Consistent with the U.S. population of women in general, we found that Hispanic and black mothers were less likely to suffer from depression in the past year compared to non-Hispanic white mothers.2 This racial/ethnic pattern has also been reported for lifetime rates of depression in other samples not stratified by gender.32,34,57,58 An item-response examination in the NESARC dataset revealed few differences in response likelihood when comparing white, black, and Hispanic individuals, suggesting these observed differences are not explained by racial or cultural differences in experience or reporting of symptoms of depression.59 A similar study in the National Comorbidity Survey concluded that differences in response to depression questions did not account for the lower rates of depression among non-Hispanic black and Hispanic individuals compared to non-Hispanic white individuals.60 The reasons for these patterns are yet to be fully illuminated, although protective factors operating early in life have been hypothesized to play a role.32 For immigrants, one protective factor may be remaining in their home country through childhood.61 Future research should explore whether strong family or cultural ties, religious participation, and other social support networks play a protective role among black and Hispanic populations and if this helps account for their lower rates of depression.35,62 Such factors may be particularly powerful in promoting mental health among mothers.
Hispanic and non-Hispanic black mothers who were depressed experienced more adversities, had worse functioning, and were less likely to receive services for their depression compared to non-Hispanic white mothers. These patterns, again, reflect findings from studies not restricted to mothers58,63 yet raise important questions about the implications of these riskier profiles among racial/ethnic minority mothers for the children in their care. Exposure to multiple adversities in childhood may greatly increase risk of poor health and health-related behavior in adulthood.64 Research that addresses racial and ethnic disparities in the impact of maternal depression on children is needed and may lead to the formulation of targeted prevention and intervention efforts, particularly among children most at risk of adverse outcomes.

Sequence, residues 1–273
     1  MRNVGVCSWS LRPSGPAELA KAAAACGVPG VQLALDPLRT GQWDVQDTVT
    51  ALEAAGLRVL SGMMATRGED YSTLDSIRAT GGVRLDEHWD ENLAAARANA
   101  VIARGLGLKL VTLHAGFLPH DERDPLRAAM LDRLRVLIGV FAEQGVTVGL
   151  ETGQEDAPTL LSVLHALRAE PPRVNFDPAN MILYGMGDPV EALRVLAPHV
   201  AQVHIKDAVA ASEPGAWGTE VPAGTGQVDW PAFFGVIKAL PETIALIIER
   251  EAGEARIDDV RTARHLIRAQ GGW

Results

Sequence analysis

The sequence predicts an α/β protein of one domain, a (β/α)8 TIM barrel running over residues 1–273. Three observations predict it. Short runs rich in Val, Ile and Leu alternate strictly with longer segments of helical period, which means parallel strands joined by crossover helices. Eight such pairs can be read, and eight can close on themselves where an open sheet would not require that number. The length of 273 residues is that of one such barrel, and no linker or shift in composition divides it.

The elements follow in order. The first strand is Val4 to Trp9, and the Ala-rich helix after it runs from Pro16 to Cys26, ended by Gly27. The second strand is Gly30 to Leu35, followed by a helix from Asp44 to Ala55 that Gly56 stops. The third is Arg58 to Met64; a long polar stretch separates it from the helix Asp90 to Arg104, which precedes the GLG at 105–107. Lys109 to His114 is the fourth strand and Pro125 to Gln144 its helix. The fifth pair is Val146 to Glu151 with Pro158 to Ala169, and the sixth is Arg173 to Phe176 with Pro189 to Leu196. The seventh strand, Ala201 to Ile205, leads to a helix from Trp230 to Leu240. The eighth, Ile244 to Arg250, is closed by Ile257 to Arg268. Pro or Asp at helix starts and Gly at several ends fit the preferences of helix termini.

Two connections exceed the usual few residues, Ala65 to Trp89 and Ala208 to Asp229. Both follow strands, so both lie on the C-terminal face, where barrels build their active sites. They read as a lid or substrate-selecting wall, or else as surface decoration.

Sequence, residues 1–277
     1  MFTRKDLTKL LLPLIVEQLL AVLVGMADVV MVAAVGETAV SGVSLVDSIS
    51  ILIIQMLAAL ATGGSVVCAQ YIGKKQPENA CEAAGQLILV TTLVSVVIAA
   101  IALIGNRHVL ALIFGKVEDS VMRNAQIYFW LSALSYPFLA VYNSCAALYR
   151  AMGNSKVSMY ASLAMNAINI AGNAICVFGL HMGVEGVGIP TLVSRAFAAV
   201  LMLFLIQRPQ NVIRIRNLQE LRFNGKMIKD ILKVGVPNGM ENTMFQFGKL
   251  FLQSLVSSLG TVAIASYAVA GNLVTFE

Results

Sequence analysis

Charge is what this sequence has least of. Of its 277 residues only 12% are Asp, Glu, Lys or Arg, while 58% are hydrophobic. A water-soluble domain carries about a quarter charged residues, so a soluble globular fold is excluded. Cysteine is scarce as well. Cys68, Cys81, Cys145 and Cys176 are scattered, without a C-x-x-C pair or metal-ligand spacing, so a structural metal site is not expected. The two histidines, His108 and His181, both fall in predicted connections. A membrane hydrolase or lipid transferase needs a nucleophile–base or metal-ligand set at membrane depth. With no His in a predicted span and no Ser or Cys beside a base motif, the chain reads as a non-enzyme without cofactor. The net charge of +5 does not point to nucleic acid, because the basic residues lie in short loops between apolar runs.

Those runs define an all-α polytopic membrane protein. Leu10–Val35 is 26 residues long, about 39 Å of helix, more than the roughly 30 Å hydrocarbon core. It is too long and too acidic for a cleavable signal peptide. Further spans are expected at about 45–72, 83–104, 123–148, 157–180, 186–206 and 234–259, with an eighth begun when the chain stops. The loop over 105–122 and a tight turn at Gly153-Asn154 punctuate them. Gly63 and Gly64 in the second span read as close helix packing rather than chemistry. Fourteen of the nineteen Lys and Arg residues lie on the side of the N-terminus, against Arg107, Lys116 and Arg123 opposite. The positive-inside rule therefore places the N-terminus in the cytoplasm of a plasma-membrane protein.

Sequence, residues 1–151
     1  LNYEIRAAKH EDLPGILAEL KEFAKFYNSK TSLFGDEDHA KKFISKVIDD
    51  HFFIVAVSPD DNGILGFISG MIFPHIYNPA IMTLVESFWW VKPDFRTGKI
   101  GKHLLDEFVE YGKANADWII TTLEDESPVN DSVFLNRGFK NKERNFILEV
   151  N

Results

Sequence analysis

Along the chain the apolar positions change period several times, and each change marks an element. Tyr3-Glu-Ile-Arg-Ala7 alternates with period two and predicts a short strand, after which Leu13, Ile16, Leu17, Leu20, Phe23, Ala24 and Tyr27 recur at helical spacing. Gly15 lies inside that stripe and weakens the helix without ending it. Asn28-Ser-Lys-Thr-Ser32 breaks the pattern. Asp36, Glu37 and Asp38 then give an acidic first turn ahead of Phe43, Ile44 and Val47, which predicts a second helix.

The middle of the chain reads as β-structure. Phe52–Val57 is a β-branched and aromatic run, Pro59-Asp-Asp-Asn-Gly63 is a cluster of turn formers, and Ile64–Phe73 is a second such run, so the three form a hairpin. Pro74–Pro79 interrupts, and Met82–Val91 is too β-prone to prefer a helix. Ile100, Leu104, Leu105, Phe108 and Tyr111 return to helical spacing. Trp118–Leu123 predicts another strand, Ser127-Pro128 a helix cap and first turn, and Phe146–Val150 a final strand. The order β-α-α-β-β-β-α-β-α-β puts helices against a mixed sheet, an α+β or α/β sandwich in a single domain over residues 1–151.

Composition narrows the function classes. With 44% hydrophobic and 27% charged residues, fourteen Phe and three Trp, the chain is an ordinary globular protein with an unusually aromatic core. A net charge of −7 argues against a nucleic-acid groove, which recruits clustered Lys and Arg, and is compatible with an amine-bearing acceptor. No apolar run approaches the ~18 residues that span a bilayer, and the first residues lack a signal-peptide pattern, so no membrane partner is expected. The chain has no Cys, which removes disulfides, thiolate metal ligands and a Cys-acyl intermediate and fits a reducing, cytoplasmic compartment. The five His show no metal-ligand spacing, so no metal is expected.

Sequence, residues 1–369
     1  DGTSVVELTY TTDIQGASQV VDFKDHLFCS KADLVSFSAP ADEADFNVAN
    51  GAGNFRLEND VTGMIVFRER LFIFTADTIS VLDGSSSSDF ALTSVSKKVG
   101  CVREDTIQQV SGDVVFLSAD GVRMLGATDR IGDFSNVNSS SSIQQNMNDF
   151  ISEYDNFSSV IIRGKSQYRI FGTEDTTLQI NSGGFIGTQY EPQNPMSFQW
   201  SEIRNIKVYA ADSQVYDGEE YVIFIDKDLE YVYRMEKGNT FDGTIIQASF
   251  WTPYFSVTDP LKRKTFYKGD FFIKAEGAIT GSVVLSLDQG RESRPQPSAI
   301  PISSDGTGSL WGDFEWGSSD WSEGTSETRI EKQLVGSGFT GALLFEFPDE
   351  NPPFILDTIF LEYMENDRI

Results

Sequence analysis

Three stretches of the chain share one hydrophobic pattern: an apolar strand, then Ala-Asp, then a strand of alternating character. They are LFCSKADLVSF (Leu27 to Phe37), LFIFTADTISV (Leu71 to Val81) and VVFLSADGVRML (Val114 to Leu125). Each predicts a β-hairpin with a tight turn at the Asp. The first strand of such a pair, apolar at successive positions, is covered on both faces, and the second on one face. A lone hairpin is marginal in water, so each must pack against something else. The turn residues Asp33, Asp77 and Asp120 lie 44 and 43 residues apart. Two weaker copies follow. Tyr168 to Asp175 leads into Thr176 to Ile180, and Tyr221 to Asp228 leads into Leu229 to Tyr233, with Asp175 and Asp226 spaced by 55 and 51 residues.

Several limitations of this study should be considered. NESARC focused on adults and their psychopathologies; thus, we have very little information about the children, precluding analysis of their health status, living conditions, and interactions with their mothers. Also, as NESARC does not ask participants directly if they are currently parenting children in the household, we relied on report of births or adoptions and household composition. Thus, it is possible that we included some women who were not the primary female caregiver of the children in the household. Inclusion of paternal depression was beyond the scope of this analysis; however, paternal depression is positively correlated with maternal depression and may pose additional developmental risk to children.65 All data are self-reported, and as it is a cross-sectional study, we cannot establish temporality or causal relations.
This study is the first to examine the public health burden of maternal depression in a nationally representative sample using a structured diagnostic instrument to assess major depression. The information that 1 in 10 mothers suffered from past-year depression argues for routine screening for depression among mothers in the pediatric and primary care settings. Similarly, the information that 1 in 10 children experience a depressed mother in any given year highlights the importance of research in this arena to understand the broad array of child health and development outcomes affected by exposure to a depressed parent.
K.A.E. is supported by the Kellogg Health Scholars Program. K.C.K. is supported by MH070627. The authors would like to thank Dr. Natalie Slopen and Dr. Andrea Roberts for their assistance with data analysis.
No competing financial interests exist.